Ben Raskin gave further clarification of what CSA's are and different approaches. He outlined the business case as to why producers should consider a CSA, the main advantages being cashflow, security (especially in the light of last season) and allegiance. Ben also mentioned a potential downside is that you have to like people! Managing volunteers/ CSA members is a different skill to growing. But another advantage is a pooling of skills in the membership which as a lone grower can be costly

He noted that both the Soil Association report 2011 on The Impact of CSAs and the Plunkett Foundation report 'Keep Farming Local' give good overviews of where the movement is at and where it might be heading.

Discussion points:

  • There is a need to raise awareness and consciousness of CSA's in wider public/ policy-makers.
  • How can arable farms encourage community engagement? Community Supported Bakeries/ Breweries.

Action points:

  • A description of Mike Westrip's voucher scheme in the OGA magazine was requested.
  • If you are a producer looking to set up a CSA there may be funding available. Contact Rachel Harries from the Soil Association.

Speaker presentations and abstracts

Roger Hitchings (ORC): CSA survival guide (280KB)

The Better Organic Business Links (BOBL) project has been working with every link in the supply chain in Wales to create opportunities for producers and to provide them with the tools to improve business performance. One element is support for what is a relatively embryonic CSA sector in Wales. This presentation will launch the draft report from this project as well as introducing a survival guide for CSAs.

Ben Raskin (Soil Association): Grower led CSAs in England (640KB)

Ben will give a resumé of the Soil Association report on CSAs in England carried out as part of their 4 year project. In particular opportunities to get closer to you market and build loyalty and connections with those that consume the food we produce, as well as looking at what motivates members to get involved in CSAs.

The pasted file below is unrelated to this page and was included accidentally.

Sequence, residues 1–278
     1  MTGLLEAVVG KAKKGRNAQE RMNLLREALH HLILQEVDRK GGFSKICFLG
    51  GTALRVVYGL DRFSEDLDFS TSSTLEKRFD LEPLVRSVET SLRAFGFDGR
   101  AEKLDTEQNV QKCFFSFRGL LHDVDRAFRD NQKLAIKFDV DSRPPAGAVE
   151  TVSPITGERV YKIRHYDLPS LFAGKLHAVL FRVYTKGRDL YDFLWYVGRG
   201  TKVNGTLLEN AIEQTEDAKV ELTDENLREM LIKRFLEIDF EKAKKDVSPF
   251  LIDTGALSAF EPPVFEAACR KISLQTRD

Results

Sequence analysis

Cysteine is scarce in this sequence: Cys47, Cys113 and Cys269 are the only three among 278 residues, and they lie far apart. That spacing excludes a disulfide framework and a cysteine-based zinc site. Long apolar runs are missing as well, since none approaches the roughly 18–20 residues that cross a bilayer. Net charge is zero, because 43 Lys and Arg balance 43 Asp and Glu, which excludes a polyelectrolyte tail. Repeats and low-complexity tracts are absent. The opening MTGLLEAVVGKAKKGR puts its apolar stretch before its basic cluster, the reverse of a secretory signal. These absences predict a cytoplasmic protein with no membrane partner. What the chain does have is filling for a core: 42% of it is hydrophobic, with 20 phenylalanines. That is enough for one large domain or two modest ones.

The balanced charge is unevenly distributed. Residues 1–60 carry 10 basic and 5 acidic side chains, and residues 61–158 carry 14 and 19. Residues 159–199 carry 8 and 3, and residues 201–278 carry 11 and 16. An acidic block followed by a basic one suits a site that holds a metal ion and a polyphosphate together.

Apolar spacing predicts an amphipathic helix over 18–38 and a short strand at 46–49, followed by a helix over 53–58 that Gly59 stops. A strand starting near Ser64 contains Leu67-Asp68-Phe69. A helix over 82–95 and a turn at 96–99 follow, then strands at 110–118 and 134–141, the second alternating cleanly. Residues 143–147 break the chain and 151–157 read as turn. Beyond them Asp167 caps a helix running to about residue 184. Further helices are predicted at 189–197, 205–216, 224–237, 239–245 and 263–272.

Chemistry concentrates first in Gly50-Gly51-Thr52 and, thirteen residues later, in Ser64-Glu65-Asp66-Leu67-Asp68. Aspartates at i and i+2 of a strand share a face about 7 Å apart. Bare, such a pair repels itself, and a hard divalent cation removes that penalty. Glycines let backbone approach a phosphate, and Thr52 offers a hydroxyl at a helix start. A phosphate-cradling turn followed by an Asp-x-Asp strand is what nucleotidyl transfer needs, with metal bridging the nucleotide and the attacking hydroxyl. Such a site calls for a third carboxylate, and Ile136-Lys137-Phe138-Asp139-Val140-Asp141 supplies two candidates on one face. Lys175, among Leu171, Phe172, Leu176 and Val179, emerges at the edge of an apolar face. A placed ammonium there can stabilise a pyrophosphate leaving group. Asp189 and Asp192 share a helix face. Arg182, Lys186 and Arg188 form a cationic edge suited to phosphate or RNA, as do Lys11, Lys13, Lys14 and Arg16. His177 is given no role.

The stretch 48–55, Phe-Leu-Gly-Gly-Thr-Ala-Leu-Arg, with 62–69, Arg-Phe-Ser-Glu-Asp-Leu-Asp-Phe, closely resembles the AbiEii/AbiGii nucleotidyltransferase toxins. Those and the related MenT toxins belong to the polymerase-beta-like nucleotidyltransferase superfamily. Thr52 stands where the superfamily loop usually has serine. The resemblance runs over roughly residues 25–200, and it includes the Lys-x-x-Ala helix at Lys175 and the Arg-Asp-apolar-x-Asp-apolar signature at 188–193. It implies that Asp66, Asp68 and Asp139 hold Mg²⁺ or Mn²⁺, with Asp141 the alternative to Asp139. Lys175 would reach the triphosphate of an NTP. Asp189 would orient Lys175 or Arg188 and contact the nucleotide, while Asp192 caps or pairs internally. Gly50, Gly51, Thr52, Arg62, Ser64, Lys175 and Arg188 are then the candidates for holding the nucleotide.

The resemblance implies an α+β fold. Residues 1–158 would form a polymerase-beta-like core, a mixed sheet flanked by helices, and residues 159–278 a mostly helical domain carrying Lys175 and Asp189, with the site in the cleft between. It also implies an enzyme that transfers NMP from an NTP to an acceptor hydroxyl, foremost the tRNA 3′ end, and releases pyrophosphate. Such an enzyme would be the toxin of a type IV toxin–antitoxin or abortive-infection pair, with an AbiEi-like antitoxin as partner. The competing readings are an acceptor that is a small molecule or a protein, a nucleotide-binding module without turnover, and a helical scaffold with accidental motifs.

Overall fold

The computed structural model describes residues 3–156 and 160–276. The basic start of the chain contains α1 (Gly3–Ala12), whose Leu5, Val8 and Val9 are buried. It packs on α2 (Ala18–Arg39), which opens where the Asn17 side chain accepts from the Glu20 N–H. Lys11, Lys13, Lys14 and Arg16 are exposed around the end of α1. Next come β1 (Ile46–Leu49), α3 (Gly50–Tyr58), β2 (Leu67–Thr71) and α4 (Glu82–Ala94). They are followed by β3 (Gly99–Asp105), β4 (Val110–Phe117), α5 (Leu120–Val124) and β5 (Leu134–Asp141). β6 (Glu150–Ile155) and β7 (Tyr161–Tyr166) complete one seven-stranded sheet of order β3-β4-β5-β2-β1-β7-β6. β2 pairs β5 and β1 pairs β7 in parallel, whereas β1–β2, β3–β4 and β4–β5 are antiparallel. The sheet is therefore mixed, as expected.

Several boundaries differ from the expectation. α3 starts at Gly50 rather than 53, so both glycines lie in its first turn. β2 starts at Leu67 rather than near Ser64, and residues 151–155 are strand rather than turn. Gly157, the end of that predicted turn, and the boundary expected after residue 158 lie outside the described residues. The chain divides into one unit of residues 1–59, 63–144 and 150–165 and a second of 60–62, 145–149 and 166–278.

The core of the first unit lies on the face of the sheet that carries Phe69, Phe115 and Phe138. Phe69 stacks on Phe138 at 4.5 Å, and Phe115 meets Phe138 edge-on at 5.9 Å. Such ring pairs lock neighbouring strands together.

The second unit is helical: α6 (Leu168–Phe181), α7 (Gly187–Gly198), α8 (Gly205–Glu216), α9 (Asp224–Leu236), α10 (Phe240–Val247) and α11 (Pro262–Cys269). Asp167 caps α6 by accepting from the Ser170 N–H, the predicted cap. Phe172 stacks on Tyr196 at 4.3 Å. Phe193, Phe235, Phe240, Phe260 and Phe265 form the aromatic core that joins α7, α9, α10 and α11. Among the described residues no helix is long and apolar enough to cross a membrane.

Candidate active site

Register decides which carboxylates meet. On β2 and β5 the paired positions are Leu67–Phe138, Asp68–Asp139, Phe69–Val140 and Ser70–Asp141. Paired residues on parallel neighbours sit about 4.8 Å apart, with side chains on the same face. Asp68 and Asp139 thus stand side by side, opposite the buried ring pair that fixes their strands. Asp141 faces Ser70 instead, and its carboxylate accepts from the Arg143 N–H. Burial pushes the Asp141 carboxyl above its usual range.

Mike Westrip (Rhos Market Garden): A growing experience of community support

Mike was unable to attend the conference.

In 2008 Alice and I began to establish a market garden in the Welsh Marches 850ft above sea level. Five years later the enterprise has established two weekly market stalls plus a veg bag scheme of 40 plus. We also supply a number of local restaurants and caterers, as well as an organic shop in Ludlow with our surpluses (when we are able to grow them). From the outset we wanted to include a “CSA element” in the business but, at the same time, needed it to be genuinely sustainable and provide a reasonable living as it was (is) our main (only) source of income. Our only funding came from a Powys Council business start up grant…other capital came from us and interest free loans. We now have over 20 “members” who give an extra level of support by paying upfront for a book of “veg vouchers”, which are then redeemed at the stall or bag collection points. Other community support comes in the form of “weed swoops” or work days; help with marketing and events; help on open days; even help making paper bags.